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On Fri, 20 Sep 2002, Olin Lathrop wrote:

> > why you sai it`s correlation ???
> > I remember from math that correlation is an average of a sample with
> > another sample with delat,
> > For istance I remember that
> > corr(x,y,tau)=<x(t)*y(t+tau)> averaged in t.
> >
> > The stuff the guy described should be a particular convolution where the
> > kernel funciton is a FIR (casual).
> >
> > I might be wrong, after all it`s a matter of words.
>
> I think Scott is right.  Performing one such array operation is a
> correlation.  However, to do digital filtering with a kernal function
> (impulse response), you perform multiple correlations as the input signal is
> "slid" past the kernel.  The output signal is the result from successive
> correlations.  That's a convolution.  In other words, a convolution is a
> series of correlations.

I hate to argue with you Olin, but I think you were right the first time.

When you have a filter and some data then the act of filtering is
convolving.  The mechanics of the arithmetic are essentially identical. In
convolution, one vector is inverted before the sum of products is
computed.

Scott

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Scott,

I am assuming that the weights and data are both signed, as will be their
sum. Right?

Bob Ammerman
RAm Systems

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On Fri, 20 Sep 2002, Bob Ammerman wrote:

> Scott,
>
> I am assuming that the weights and data are both signed, as will be their
> sum. Right?

Bob,

We were having fun until you spoiled it! You're right, signed arithmetic
will certainly have an impact on the efficiency. At the very least, the
sign bit of the data will need to be examined this will add at least three
more cycles per loop iteration:

BTFSC  PLUSW0,7
bra   unsigned
signed:
....

unsigned:
....

Scott

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The 8x8 signed multiply from the 18 series datasheets looks like this:

movf    arg1,w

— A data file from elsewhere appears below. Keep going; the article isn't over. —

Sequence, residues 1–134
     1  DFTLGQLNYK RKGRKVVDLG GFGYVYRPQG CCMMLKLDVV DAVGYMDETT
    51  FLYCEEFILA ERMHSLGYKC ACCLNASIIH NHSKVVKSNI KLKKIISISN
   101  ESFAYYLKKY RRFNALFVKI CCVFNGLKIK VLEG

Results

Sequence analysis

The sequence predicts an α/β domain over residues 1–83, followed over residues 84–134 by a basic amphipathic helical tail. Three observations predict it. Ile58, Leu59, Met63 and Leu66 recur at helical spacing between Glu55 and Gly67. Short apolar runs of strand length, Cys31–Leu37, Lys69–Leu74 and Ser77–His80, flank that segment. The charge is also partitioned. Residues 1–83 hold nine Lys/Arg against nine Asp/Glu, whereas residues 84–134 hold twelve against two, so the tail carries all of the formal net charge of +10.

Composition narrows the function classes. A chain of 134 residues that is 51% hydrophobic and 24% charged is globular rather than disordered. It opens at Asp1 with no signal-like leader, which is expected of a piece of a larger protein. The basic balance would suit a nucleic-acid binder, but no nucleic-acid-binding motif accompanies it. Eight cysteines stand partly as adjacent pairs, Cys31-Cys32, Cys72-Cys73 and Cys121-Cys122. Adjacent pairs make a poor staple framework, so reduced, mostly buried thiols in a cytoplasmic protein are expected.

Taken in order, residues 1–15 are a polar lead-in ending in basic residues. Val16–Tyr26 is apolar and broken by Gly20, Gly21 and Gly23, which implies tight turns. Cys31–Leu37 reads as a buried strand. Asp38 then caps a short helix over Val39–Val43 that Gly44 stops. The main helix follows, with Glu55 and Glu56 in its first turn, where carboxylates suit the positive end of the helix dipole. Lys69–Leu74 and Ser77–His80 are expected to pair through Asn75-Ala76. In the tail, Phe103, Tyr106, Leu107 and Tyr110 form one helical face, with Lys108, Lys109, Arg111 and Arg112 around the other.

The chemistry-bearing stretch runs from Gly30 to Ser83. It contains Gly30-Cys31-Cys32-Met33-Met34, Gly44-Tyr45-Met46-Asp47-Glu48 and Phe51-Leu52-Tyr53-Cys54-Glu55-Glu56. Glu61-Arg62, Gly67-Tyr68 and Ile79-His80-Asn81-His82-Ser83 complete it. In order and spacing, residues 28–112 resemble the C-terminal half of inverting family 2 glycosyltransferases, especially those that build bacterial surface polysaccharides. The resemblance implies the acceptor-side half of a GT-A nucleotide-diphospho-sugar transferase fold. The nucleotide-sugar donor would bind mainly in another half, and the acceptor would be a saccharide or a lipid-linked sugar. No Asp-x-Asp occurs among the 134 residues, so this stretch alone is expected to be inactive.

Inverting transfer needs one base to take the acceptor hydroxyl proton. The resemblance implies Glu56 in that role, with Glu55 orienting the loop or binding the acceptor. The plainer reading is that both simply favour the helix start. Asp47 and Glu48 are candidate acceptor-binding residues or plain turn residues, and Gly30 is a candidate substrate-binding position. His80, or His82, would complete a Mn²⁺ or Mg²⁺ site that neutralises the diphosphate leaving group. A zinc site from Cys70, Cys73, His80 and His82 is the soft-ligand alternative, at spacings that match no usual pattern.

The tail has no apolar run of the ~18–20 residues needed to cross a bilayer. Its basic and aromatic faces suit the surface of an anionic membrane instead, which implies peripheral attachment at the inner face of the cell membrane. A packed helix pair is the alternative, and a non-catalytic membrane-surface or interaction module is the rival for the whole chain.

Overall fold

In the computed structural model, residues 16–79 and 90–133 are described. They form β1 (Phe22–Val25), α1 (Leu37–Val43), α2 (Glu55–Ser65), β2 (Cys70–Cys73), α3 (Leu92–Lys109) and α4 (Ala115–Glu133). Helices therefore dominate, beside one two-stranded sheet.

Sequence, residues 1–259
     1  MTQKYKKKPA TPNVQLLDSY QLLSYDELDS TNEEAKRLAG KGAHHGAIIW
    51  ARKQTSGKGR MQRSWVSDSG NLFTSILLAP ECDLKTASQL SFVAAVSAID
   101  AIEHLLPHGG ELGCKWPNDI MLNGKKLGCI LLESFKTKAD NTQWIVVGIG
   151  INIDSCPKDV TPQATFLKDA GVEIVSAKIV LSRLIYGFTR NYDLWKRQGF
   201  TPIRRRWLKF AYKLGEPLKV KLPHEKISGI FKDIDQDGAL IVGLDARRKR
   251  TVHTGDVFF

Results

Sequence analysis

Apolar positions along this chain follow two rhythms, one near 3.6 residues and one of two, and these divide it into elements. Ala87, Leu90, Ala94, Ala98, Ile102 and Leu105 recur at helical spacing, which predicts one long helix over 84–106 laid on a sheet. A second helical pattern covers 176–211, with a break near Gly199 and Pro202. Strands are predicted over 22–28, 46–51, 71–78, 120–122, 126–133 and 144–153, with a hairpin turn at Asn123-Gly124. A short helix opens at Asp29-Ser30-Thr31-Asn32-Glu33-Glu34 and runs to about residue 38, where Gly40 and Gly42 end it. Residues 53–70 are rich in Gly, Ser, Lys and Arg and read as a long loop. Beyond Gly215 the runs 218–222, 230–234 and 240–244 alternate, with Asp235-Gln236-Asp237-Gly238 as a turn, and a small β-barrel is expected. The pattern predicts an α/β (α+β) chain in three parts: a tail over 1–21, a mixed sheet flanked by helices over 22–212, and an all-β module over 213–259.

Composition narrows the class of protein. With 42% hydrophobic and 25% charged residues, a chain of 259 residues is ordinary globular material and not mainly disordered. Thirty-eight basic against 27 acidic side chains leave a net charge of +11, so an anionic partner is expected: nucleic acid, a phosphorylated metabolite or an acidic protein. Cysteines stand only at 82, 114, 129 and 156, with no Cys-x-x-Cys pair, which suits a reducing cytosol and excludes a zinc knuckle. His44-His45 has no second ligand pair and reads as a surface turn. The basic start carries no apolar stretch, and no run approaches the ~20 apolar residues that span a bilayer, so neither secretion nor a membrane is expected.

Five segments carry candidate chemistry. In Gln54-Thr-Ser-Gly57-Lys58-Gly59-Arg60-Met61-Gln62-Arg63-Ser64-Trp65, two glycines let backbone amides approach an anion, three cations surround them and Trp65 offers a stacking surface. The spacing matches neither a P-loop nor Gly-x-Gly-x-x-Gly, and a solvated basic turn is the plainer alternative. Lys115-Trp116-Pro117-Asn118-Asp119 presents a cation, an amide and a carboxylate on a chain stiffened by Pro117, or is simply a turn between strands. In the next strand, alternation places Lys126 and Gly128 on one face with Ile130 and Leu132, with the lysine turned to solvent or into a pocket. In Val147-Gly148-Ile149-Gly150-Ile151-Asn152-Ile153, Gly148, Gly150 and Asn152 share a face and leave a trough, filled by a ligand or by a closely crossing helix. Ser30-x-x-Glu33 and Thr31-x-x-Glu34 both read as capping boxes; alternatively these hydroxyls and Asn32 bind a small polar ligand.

mulwf   arg2
btfsc     arg2,7
subwf    PRODH
movwf   arg2,w
btfsc      arg1,7
subwf    PRODH

Kinda cute, but messes us up when we have to use W in a PLUSW0 addressing
mode at the same time we are trying to use it to hold ARG1 and/or ARG2.

Of course, in the normal course of events the values of the filter
coefficients will be known in advance. Then, for maximum performance you can
unroll the loop, and build in the signedness stuff at least for the filter
coefficients.

Bob Ammerman
RAm Systems

{Original Message removed}
On Sat, 21 Sep 2002, Bob Ammerman wrote:

> The 8x8 signed multiply from the 18 series datasheets looks like this:
>
>     movf    arg1,w
>     mulwf   arg2
>     btfsc     arg2,7
>     subwf    PRODH
>     movwf   arg2,w
>     btfsc      arg1,7
>     subwf    PRODH
>
> Kinda cute, but messes us up when we have to use W in a PLUSW0 addressing
> mode at the same time we are trying to use it to hold ARG1 and/or ARG2.

Kinda cute, but kinda slow... But that's just the way it is. Perhaps the
dsPic handles this better?

I prefer to work exclusively with unsigned numbers on a PIC. If you're
careful then it's possible to express your data as though if it were
unsigned. If the data is coming from an A2D converter, then it's *always*
possible to treat the input stream as an unsigned number. But in general